1 Risø National Laboratory for Sustainable Energy, Technical University of Denmark2 Department of Physics, Technical University of Denmark3 Department of Mechanical Engineering, Technical University of Denmark
This thesis presents the results of a study aimed at investigating the evolution of dislocation structures in individual grains in copper polycrystals following a strain path change or a change in temperature. Copper samples were pre-deformed in tension to a strain of 5% at room temperature or to a strain of 7% at a temperature of -196 ○C, and the samples were characterized by electron microscopy and mechanical tests. Transmission electron microscopy showed that the pre-deformation produced a characteristic dislocation cell structure consisting of regions with relatively high dislocation density, called dislocation walls, enclosing regions with very low dislocation density, called subgrains. The mechanical tests showed that a tension-tension strain path change leads to an increase in the yield stress if the change in strain path is sufficiently severe, and to a transient phase with a reduced work hardening rate. The main part of the study consisted of a number of X-ray diffraction experiments in which the pre-deformed samples were further deformed in tension in situ at the APS synchrotron (the Advanced Photon Source at Argonne National Laboratory), for some samples along an axis different from the pre-deformation axis. In the X-ray diffraction experiments a technique was employed with which it is possible to obtain high-resolution reciprocal space maps from individual bulk grains. The high-resolution reciprocal space maps contain features related to the dislocation structure in the grains: A spread-out ‘cloud’ of low intensity caused by diffraction from the dislocation walls and a number of sharp peaks of high intensity caused by diffraction from the individual subgrains. By acquiring reciprocal space maps at a number of different strain levels the evolution of the dislocation structures can be studied, and by analyzing the sharp peaks information about the strain in the individual subgrains and about the intra-granular stresses can be obtained. For the analysis of the reciprocal space maps a mathematical method was developed to partition the intensity distribution into two components corresponding to the contributions from the subgrains and the walls. The analysis showed that the morphology of the dislocation structures is almost unchanged during the micro-plastic range of the in situ deformation, and during the macroplastic range the evolution occurs in a gradual manner without any sudden major changes and with no indications that intermittent dynamics plays a major role in the evolution of the dislocation structures. An analysis of the position of the radial profiles from the individual subgrains revealed a substantial variation in the elastic back-strain in the subgrains and showed that the distribution of the elastic back-strain in the subgrains can be well approximated by a Gauss distribution. Furthermore, it was found that on average the elastic back-strain is larger in the larger subgrains than in the smaller subgrains. The analysis also showed that, following a strain path change, the intra-granular stresses are substantially redistributed during the micro-plastic range. In a few individual subgrains it was possible to follow the evolution of the elastic back-strain from the tensile to the compressive case. Following an increase in temperature from -196 ○C to room temperature, both the average intra-granular stress and the variation in the intra-granular stresses go through an initial phase of decrease or stagnation. An analysis of the width of the radial profiles from the individual subgrains showed that the dislocation density in the subgrains remains constant at a low level during the deformation. Finally, an analysis of the radial profiles from the individual grains indicated that a change in loading conditions leads to a less ordered dislocation structure in the walls.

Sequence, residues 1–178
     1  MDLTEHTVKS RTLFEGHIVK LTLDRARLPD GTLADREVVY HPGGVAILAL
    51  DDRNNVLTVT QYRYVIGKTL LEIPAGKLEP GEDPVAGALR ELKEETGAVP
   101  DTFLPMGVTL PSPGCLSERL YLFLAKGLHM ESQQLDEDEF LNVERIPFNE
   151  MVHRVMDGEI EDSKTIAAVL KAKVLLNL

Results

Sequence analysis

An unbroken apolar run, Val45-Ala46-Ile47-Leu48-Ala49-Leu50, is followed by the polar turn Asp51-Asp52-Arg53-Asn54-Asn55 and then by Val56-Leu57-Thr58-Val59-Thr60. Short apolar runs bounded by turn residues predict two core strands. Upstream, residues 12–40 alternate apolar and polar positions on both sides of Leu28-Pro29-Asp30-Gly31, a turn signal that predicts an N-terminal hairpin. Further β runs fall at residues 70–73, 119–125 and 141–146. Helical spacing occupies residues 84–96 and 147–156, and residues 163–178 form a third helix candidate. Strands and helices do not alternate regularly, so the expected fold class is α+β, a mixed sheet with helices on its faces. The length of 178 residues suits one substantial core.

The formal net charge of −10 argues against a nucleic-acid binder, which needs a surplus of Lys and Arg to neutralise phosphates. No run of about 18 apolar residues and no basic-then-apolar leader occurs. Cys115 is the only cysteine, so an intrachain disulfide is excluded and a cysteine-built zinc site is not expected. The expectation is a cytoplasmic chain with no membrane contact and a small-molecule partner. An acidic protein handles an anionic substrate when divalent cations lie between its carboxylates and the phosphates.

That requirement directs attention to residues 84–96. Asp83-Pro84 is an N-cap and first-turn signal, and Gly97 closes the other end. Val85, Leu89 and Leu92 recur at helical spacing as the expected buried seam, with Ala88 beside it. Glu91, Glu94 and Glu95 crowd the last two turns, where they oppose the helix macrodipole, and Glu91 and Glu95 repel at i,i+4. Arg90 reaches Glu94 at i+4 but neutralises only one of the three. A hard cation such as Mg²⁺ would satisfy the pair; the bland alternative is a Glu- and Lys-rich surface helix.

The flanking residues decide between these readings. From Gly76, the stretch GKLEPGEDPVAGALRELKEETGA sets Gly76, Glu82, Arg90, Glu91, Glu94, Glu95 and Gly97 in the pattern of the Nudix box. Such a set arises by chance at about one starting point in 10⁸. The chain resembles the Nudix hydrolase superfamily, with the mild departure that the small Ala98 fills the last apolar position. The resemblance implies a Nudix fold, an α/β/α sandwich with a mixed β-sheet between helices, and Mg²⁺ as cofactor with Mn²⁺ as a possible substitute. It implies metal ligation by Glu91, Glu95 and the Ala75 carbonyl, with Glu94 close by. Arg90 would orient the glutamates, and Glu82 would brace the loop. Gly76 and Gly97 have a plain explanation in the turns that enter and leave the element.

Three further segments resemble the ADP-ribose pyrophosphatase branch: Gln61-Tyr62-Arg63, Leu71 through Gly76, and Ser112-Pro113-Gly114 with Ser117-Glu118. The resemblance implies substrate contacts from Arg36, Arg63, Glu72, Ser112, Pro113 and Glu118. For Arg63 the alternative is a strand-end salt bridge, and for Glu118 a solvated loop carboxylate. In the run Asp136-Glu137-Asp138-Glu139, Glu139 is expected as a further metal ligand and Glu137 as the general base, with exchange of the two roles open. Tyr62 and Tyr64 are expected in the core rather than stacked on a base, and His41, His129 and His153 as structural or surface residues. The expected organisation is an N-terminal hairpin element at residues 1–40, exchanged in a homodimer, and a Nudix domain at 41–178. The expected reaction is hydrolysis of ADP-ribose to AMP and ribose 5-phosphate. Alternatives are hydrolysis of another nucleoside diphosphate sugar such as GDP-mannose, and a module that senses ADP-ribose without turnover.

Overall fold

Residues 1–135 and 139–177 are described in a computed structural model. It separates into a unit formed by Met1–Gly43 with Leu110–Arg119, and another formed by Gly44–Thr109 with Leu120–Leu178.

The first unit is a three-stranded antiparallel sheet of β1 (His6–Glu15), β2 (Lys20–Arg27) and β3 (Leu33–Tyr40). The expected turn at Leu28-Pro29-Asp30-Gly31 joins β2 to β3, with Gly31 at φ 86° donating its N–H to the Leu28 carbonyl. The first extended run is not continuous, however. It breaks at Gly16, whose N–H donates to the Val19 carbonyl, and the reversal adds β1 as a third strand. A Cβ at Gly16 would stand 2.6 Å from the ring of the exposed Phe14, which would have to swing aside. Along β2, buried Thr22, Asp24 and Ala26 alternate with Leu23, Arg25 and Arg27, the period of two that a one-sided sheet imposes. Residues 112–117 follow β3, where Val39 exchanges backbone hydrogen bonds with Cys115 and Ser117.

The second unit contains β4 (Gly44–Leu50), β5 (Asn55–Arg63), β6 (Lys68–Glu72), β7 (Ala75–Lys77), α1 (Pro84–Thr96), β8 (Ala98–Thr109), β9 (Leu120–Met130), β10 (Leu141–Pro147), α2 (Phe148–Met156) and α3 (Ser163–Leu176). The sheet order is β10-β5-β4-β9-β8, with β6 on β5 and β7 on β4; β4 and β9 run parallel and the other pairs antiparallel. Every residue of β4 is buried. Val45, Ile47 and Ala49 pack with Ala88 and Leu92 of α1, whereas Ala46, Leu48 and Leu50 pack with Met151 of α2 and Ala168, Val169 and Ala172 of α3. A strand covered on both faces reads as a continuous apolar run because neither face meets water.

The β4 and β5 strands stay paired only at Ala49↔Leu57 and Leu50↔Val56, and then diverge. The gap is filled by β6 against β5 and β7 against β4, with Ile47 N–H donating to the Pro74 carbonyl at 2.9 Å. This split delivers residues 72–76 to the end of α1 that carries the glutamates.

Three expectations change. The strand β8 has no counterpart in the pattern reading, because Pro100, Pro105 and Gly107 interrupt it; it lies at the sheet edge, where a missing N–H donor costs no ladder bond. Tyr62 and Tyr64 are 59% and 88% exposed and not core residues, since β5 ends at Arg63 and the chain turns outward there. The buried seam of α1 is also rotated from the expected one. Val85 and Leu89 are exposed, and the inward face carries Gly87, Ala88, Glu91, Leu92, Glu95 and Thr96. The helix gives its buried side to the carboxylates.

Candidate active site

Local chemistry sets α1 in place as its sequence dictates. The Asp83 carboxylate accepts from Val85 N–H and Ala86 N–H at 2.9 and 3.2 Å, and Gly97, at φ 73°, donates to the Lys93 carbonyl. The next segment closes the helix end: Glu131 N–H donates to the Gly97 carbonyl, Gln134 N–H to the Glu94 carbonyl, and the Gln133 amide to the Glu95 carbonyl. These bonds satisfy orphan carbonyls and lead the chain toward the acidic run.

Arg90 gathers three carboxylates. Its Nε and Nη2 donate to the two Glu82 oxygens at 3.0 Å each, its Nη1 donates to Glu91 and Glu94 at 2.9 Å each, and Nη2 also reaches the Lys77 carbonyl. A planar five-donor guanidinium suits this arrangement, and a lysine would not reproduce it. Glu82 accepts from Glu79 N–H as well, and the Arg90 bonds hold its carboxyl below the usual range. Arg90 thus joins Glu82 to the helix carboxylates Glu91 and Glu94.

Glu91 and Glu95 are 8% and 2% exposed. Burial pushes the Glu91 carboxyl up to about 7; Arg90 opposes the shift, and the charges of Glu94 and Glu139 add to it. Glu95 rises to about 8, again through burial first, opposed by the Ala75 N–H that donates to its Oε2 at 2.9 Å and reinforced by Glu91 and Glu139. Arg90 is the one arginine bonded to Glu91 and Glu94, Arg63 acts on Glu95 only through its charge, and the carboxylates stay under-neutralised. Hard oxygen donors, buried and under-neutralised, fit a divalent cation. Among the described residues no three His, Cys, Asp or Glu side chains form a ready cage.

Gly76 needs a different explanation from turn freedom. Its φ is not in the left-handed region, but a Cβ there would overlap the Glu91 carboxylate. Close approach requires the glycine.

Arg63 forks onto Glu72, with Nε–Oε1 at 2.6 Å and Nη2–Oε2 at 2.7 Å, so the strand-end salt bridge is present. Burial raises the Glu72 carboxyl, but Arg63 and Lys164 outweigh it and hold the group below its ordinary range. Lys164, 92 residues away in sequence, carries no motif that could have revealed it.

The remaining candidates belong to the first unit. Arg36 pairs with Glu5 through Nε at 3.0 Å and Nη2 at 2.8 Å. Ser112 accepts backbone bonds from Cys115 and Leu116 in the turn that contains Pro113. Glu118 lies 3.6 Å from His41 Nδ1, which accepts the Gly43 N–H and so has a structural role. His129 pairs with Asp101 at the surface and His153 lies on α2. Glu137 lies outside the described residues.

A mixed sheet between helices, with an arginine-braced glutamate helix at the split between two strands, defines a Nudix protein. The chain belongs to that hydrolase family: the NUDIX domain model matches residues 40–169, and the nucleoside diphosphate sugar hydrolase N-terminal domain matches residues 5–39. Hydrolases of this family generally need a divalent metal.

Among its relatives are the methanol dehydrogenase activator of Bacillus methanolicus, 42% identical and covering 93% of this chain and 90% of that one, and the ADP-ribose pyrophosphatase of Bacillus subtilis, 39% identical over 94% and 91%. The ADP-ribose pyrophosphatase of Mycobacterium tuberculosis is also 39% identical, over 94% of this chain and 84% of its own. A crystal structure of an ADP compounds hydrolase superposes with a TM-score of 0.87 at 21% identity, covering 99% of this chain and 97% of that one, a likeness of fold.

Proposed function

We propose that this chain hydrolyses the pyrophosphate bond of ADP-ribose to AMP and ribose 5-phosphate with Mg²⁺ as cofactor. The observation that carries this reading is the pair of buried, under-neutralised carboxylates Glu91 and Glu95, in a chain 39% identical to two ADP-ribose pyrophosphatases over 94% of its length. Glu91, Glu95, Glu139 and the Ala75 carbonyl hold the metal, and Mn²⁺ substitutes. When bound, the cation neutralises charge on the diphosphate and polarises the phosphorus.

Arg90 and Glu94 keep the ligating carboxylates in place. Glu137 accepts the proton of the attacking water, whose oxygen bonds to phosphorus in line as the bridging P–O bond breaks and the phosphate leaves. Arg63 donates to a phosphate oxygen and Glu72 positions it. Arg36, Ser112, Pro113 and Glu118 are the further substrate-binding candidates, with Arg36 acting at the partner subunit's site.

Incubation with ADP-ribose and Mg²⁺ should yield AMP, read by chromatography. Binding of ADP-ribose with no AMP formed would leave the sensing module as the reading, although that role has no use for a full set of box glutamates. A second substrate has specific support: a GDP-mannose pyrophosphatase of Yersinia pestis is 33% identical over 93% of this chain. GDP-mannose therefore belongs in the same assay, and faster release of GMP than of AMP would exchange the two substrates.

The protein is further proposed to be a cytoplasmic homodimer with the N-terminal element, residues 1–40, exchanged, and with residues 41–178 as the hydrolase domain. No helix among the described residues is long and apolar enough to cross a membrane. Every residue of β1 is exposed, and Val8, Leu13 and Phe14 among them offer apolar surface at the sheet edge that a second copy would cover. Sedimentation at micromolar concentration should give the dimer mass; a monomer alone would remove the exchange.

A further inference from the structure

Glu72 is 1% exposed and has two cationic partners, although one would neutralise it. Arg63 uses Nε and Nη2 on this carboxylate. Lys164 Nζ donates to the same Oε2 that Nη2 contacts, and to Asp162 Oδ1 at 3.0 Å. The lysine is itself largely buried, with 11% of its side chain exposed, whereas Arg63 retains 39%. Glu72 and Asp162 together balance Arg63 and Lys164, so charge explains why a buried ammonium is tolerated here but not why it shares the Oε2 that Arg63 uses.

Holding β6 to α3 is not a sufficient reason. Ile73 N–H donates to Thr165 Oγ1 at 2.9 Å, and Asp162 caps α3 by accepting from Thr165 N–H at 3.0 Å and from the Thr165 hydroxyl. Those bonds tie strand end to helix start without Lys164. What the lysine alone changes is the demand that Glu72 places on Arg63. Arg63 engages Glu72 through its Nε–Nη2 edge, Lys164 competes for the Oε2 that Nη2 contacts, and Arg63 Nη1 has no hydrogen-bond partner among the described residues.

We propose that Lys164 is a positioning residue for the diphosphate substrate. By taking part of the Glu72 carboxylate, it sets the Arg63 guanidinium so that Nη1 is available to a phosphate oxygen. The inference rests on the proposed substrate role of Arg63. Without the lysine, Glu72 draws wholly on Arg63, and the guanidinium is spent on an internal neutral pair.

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Pantleon, Wolfgang, Poulsen, Henning Friis
Risø National Laboratory for Sustainable Energy, 2011